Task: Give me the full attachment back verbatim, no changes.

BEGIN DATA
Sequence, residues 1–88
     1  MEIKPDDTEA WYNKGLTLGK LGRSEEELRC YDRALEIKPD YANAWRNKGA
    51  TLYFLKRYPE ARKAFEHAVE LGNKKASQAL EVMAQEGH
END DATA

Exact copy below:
Sequence, residues 1–88
     1  MEIKPDDTEA WYNKGLTLGK LGRSEEELRC YDRALEIKPD YANAWRNKGA
    51  TLYFLKRYPE ARKAFEHAVE LGNKKASQAL EVMAQEGH